Aiming for mold-less manufacturing with metal 3D printers and digital warehouse servicesIFUKUSEIMITSU Co.,Ltd
IFUKUSEIMITSU Co.,Ltd achieves "mold-less manufacturing" by combining advanced cutting technology that has been refined for half a century with digital data such as dies and metal 3D printers. The company is also working to improve productivity by converting its own factory into a digital factory. We spoke with Motohiko Ifuku, President and CEO of IFUKUSEIMITSU.
Fusion of metal 3D printer molding technology and cutting technology
SME manufacturers are burdened by the cost of storing and maintaining extremely small lots of molds that are used only once every few years and old molds that are held in case of emergency. IFUKUSEIMITSU has created a "Digital Warehouse Service" (patent pending) that converts such molds and products into 3D data and prepares them when necessary by using cutting technology and 3D printers—in other words, "mold-less manufacturing."
Metal 3D printers do not require molds, and have the advantage of one-stop manufacturing for modeled objects that are difficult to create by cutting or that require many steps. However, at present, metal 3D printers are inferior to cutting technology in terms of modeling technology and precision. This is where IFUKUSEIMITSU's metal processing technology is useful.
"There are many 3D printer service companies that entrust their customers with finishing products produced by 3D printers. However, IFUKUSEIMITSU offers finished products that can be used immediately. In addition to responding to detailed requests such as pin drilling and surface processing, our company assists our customers in with tasks such as providing materials to obtain certification and approval required in each industry, and disclosing design procedures."
Sake cup manufactured using a metal 3D printer. The outside reproduces the soft shape of bamboo, while the inside is expressed as a complex structure that is decorated in the traditional Japanese seigaiha wave pattern.
Enables storage and reproduction of 3D data such as molds
In the "Digital Warehouse Service", 3D data is created by scanning the objects or molds that you want to model, or by generating data from technical drawings." In addition to storage without modification, IFUKUSEIMITSU also offers "reverse engineering".
"After adjusting the acquired 3D data at our company, we make a prototype of the model using a 3D printer and conduct a practical test. We then save data that has been approved by the customer. We can start manufacturing with this data from a single unit. We will also share the data with customers to enable fast response and at a low cost; for example, when manufacturing overseas."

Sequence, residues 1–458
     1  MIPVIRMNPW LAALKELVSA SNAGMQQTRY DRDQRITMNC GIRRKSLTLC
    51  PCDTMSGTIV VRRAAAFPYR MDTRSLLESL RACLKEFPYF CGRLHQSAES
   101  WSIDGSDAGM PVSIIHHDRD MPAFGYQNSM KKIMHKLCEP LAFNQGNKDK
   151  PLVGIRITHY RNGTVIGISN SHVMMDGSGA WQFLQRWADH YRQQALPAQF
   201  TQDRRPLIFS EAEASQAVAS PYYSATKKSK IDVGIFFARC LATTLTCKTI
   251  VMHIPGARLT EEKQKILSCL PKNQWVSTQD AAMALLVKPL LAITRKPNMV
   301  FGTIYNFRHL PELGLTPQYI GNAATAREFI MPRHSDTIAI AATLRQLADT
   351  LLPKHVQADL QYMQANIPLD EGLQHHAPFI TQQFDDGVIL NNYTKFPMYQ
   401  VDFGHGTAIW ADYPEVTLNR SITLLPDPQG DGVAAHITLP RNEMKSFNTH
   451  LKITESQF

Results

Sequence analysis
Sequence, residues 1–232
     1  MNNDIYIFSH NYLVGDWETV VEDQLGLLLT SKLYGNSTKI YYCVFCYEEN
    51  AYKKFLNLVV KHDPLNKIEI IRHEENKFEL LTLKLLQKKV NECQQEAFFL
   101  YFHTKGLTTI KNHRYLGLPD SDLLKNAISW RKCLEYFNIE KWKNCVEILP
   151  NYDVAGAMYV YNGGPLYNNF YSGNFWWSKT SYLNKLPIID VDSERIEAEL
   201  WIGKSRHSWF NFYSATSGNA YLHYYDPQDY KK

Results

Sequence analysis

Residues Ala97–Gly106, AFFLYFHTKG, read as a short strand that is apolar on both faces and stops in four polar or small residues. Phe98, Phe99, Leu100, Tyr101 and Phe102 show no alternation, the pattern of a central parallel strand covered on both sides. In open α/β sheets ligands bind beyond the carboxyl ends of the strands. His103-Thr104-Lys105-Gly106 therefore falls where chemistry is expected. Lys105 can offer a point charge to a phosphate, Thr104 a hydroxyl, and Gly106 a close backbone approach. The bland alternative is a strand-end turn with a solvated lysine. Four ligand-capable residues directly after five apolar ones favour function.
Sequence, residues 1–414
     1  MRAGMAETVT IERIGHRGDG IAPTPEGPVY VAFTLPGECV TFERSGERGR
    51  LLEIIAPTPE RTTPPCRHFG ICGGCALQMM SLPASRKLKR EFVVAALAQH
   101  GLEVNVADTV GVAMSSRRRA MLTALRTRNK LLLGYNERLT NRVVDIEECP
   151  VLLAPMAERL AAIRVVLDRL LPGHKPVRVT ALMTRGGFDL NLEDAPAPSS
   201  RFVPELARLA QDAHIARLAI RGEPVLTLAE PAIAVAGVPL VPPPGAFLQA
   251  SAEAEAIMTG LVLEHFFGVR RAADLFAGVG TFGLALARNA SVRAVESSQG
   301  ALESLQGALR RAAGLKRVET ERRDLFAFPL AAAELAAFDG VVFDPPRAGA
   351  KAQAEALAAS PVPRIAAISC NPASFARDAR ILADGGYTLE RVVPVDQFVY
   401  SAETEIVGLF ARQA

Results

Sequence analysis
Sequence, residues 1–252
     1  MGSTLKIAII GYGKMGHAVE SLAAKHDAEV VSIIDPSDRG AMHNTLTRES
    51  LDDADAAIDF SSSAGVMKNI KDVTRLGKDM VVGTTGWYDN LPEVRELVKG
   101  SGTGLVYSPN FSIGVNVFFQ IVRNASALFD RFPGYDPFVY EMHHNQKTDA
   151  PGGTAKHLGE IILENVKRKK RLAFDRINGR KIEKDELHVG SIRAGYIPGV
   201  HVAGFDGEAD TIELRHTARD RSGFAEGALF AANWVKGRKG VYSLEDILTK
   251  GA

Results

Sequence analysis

IFUKUSEIMITSU is currently considering a system in which the "Digital Warehouse Service" can still be used 50 or 100 years in the future. In cooperation with "Yamamoto Metal Technos Co., Ltd.", the company is jointly considering ways to simplify the evaluation method of modeled objects that are manufactured using metal 3D printers.
Recapturing the status of a manufacturing superpower by incorporating new things
The efficient utilization of digital data by IFUKUSEIMITSU also extends to the operation of its own factories.
"All the machine tools and other equipment in our factories have been networked so that the operating status can be monitored in real time. Moreover, we provide iPads to all of our employees. Easily manage processes, check the status of progress, and ascertain employee schedules. The next concept that we are considering is using RFID* tags to manage products. In this way, we are focusing on utilizing data that can be obtained without major infrastructure investment."
IFUKUSEIMITSU continues to propose a series of next-generation manufacturing methods by actively incorporating new tools while using the advanced technologies it has cultivated as its core. The goal of actively disclosing information (for example, accepting factory tours) is for Japan to recapture its status as a manufacturing superpower.
"I often visit advanced countries such as Germany and the United States to learn about 3D printers. However, even after 10 years, I believe that it will be difficult to provide the current high level of Japanese processing technology through highly-experienced factories overseas. However, we can reverse this prognosis by continuing to combine the latest information and tools from overseas. Prior to beginning full-scale competition with foreign companies, I would like to strengthen cooperation while sharing information with Japanese companies."
* Abbreviation for Radio Frequency Identifier. A system in which electronic information such as the name and manufacturing date is entered, an "RF tag" is attached to the product, and the information is read by a "reader/ writer".
Subject of Interview = Motohiko Ifuku, President and CEO
"Ifuku Kosakusho", the predecessor to the current IFUKUSEIMITSU Co.,Ltd, was established in 1970. Since then, the company has used a wide variety of processing and inspection equipment to manufacture prototypes and mass-produced products, to design and manufacture jigs and molds, to develop construction methods for difficult-to-process materials, and to operate a product measurement business. In 2007, the company received the Gold Prize at "the 4th Cutting Dream Processing Awards". In 2017, the Governor of Hyogo Prefecture certified the company as a "Management Innovation" business. In 2018, it was certified as a "Hyogo Expected Growth Corporation".
Coverage date February 18, 2020
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